Google has announced its 2020 expansion plans, which will build its footprint in 11 US states. The company has pledged to invest “more than $10 billion” in offices and data centers in California, Colorado, Georgia, Massachusetts, Nebraska, New York, Ohio, Oklahoma, Pennsylvania, Texas, and Washington.
Google and Alphabet CEO Sundar Pichai said in a blog post that “these investments will create thousands of jobs—including roles within Google, construction jobs in data center and renewable energy facilities, and opportunities in local businesses in surrounding towns and communities.”
The portfolio is not as ambitious as last year’s plan, in which Google pledged $13 billion and vowed to expand to rural areas in states like Nebraska, Nevada, and Oklahoma. This year, Google seems to be mostly focusing on projects it’s already started. Pichai notes that the company is expanding offices or continuing previous expansions in a number of regions, from data centers in Nebraska and Oklahoma to the Cloud Campus in Seattle.
Google plans to open its new Hudson Square Campus in New York City this year as well as a new operations center in Mississippi and a new data center in Iowa. The company will also open a “major development” in Kirkland, Washington, later this year, and its massive office in Cambridge, Massachusetts, is still “under development.”
“Everywhere we invest, we strive to create meaningful opportunities for local communities,” Pichai wrote. “A powerful example is our data center in Pryor a town in Mayes County, Oklahoma...Google’s investments have helped provide local schools with the resources they need — including the latest textbooks and STEM courses — to offer a world-class education.”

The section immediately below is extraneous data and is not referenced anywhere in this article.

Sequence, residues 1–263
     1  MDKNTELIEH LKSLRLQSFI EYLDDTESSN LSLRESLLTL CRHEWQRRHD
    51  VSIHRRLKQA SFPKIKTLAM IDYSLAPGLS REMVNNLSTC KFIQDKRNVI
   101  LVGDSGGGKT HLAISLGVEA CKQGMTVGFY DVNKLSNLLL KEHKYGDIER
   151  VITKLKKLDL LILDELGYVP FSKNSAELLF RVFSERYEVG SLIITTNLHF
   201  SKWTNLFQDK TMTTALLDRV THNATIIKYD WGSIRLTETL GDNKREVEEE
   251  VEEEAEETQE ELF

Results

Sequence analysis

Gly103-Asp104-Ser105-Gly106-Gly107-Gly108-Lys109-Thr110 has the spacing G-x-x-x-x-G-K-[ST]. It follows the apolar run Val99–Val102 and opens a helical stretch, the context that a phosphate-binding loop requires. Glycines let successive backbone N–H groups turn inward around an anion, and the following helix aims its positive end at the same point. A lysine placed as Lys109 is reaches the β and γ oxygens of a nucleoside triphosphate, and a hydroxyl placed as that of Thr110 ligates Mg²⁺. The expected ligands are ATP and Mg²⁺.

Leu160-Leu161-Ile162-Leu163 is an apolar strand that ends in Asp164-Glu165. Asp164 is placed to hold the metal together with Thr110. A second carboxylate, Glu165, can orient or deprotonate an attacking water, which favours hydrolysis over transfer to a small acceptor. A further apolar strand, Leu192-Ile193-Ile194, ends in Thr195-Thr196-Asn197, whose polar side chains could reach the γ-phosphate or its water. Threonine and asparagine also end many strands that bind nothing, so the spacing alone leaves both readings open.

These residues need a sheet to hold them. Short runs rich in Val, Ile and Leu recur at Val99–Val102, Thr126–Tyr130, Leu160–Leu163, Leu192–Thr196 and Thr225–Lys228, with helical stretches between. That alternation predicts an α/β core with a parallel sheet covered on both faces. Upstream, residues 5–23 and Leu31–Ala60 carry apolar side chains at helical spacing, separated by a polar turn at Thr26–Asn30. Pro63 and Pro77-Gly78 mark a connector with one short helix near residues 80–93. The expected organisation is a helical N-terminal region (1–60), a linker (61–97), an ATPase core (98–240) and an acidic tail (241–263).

Last summer, Google pledged to invest $1 billion in new housing in the Bay Area, work that it claims will accelerate in 2020.
Such a US-heavy investment plan is certainly a diplomatic move for Google, as the US manufacturing sector sheds jobs and concerns about outsourcing and automation grow. Still, there are several questions that the company doesn’t address in its announcement.
For example, Pichai thanks “partners and communities” at the end of his blog post, but there’s no mention of potential tax incentives — a source of the controversy that ultimately killed Amazon’s Long Island City campus. And development that hinges on a company’s cooperation can backfire, as the Mountain View City Council learned a few years ago when Google threatened to block a massive housing project if it wasn’t given 800,000 additional square feet of office space.
New jobs are well and good, but it’s important to remember that projects like these are investments, not philanthropy.